Top Ten Read Alouds for 5th Grade

**Disclaimer: This post may contain affiliate links**

You can find a similar post for 4th grade and 3rd grade at these links!

It's no secret that read alouds will enrich your classroom. (If you're not convinced of that, check out this post!) I love taking the time to choose the perfect novel. But since there are SO many great options out there, it's hard to narrow it down. So now what? How do you choose the read aloud that's best for you?

Typically, I try to do a new read aloud every month. I've found that dragging a book on for too long will cause a loss of interest. Plus students begin to forget details from the beginning of the book before we even finish. 

I also consider the needs of my class. Are we studying something in Social Studies I can reinforce? Are we experiencing a social problem (i.e. the need to build empathy)? Choosing a book that my students need will ALWAYS make the read aloud more meaningful. 

Then I head to my list of favorites! These are my TOP 10 novel choices for 5th grade. 

Tuck Everlasting: In this blend of history and fiction, Winnie Foster meets a strange family. She learns their secret of immortality and wrestles with her own place in the world. Tuck Everlasting is the perfect book for the beginning of the year. It is short, engaging, and an easy start to your read-aloud culture. 

A Wrinkle in Time: Meg Murry and her family go on a science fiction journey to save her dad, and in the process, the entire planet! This is the perfect classic to read in October during the Halloween season. It has no overt scary or Halloween themes, but it is full of suspense!

Where the Red Fern Grows: Billy is a country boy who LOVES to hunt with his beloved coon dogs. Due to the sad ending, this book is perfect for building empathy in your classroom. The discussion questions and tough themes will allow your students grow in unexpected ways.  

The Last Holiday Concert: When his teacher steps aside, Hart Evans must direct the 6th grade holiday concert. Little does he know, his teacher is giving him the best lesson of all by handing over the class. If you like Frindle, you will LOVE this holiday book!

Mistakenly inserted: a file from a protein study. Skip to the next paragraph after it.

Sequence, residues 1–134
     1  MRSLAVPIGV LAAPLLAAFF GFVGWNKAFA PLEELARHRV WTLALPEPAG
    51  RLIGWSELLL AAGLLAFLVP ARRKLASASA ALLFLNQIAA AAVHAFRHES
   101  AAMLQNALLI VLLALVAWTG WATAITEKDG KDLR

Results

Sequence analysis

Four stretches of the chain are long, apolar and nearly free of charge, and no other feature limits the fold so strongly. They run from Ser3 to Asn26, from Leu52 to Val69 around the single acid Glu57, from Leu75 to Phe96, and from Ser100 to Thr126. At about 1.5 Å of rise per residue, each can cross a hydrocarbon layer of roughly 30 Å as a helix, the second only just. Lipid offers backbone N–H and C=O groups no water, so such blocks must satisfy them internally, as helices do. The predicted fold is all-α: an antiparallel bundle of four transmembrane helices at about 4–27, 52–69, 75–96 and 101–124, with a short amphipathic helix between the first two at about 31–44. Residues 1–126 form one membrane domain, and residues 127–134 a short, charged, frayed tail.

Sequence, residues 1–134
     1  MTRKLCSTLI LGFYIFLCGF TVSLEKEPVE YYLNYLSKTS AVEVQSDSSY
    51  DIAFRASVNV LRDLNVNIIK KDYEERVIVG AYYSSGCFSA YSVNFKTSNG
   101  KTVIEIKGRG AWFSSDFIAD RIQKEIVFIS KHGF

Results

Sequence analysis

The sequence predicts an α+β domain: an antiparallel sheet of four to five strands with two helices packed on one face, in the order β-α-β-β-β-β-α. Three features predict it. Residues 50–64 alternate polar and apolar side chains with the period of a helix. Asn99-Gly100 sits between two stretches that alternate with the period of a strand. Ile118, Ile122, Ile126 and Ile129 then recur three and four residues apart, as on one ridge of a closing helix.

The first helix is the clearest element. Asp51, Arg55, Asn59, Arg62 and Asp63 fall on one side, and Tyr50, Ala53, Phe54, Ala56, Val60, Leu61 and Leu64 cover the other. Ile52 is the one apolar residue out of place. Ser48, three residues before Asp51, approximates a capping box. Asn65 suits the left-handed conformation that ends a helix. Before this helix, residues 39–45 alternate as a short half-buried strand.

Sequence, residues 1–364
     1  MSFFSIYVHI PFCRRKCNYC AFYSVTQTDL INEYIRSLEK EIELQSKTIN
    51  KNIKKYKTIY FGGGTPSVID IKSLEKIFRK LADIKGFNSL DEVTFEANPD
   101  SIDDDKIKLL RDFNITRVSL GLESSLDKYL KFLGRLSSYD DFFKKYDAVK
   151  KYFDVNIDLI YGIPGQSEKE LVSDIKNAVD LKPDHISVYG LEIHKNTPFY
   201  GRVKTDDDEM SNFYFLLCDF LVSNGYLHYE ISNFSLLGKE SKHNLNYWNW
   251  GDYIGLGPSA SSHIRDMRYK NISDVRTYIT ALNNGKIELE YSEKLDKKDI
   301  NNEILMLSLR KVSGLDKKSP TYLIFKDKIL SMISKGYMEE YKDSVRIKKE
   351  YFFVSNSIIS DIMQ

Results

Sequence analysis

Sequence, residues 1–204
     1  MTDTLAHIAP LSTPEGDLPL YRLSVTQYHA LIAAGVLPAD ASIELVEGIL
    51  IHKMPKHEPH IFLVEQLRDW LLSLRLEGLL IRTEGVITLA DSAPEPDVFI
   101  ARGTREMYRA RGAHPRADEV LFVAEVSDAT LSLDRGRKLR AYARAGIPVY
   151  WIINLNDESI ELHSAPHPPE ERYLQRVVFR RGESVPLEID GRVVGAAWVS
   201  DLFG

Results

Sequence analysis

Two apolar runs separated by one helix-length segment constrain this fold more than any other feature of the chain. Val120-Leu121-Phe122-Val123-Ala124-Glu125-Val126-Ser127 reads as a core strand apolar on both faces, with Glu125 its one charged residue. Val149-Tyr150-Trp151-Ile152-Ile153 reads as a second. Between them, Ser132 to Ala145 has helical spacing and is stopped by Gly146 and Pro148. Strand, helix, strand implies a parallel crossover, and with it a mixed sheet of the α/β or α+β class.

The Lion, the Witch, and the Wardrobe: Four children save the fantasy world of Narnia from a never-ending winter. This is the perfect book to pick up in January. It carries over themes from winter break and eases everyone back into school!

The Watsons Go to Birmingham-1963: This book fits into your Black History Month curriculum perfectly. Set in 1963, the story tells the struggles of an African American family in the American South. This book is full of discussion and community building opportunities. 

Ella Enchanted: Ella is a strong-willed and charming heroine for your students. They will love finding the parallels between this novel and the classic Cinderella story. This is an engaging, but easy read during a time that many classes are preparing for testing 

A Night Divided: Gerta’s family wakes up one morning to be divided by the Berlin Wall. For the next few years, the family risks their lives to find a way to reunite. As many 5th graders are unfamiliar with the Cold War, this is a great historical fiction book for your class. They will be engrossed by the danger and suspense!

Holes: A classic for the middle grades, the main character of this book is Stanley Yelnats. He is mistakenly sent to a camp for troubled boys, but learns that mystery surrounds their work. Both male and female students will love this one!

Out of My Mind: This novel is perfect for the end of the year when students need a reminder of kindness and community. Melody is a young girl with cerebral palsy. She cannot speak, but she is the smartest student at her school. By discussing Melody’s story, your students will build empathy and understanding for others. 

In order to make these read alouds even more memorable for my students AND easy for me, I've developed a bookmark and journal system for each book. 

As I read, I try to get my students talking with 2 questions. One question is asked before I read, the second is asked after. That's it! I can hold students accountable and assess understanding with 2 simple questions. I keep these on a ring, right in my book. See below!


I also have the same questions in journal form for students. This helps me see individual answers that I don't always hear when we discuss as a whole group. Since there are only 2 questions it's not too cumbersome for students either. Check out the companions for each title (plus the 5th grade bundle!) below. 


No comments

Post a Comment